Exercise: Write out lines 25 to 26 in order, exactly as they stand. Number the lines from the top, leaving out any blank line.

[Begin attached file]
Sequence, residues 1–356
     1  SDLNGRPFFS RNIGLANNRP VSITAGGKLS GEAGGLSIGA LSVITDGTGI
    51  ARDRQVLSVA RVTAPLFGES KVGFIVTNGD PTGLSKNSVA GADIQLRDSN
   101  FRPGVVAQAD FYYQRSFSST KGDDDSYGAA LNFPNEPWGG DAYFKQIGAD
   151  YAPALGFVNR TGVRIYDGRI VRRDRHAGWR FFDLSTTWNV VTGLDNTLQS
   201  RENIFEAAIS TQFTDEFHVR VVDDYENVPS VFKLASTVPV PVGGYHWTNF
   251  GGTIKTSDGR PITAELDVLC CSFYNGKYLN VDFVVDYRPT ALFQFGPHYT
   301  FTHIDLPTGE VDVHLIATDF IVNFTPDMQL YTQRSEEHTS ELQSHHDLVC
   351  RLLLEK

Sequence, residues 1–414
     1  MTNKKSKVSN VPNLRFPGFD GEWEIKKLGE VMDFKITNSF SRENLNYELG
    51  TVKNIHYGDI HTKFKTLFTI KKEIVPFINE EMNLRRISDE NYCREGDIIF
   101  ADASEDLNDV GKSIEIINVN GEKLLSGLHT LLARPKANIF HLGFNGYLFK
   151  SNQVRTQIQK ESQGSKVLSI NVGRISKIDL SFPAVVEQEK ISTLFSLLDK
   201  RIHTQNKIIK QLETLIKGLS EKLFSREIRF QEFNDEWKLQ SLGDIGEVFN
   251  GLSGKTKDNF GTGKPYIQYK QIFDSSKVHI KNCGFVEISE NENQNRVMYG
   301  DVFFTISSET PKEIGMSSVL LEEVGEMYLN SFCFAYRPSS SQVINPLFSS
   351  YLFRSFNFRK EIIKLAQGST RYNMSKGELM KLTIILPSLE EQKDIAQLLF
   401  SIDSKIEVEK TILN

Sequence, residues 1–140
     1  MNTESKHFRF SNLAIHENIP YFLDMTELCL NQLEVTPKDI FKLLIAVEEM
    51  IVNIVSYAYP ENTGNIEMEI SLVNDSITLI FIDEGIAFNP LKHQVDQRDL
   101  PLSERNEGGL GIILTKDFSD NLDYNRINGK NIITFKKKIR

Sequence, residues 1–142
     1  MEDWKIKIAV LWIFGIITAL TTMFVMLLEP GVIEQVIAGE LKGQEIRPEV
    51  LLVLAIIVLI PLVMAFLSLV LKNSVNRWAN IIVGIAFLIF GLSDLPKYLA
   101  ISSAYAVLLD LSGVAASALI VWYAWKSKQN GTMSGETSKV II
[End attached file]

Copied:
     1  MEDWKIKIAV LWIFGIITAL TTMFVMLLEP GVIEQVIAGE LKGQEIRPEV
    51  LLVLAIIVLI PLVMAFLSLV LKNSVNRWAN IIVGIAFLIF GLSDLPKYLA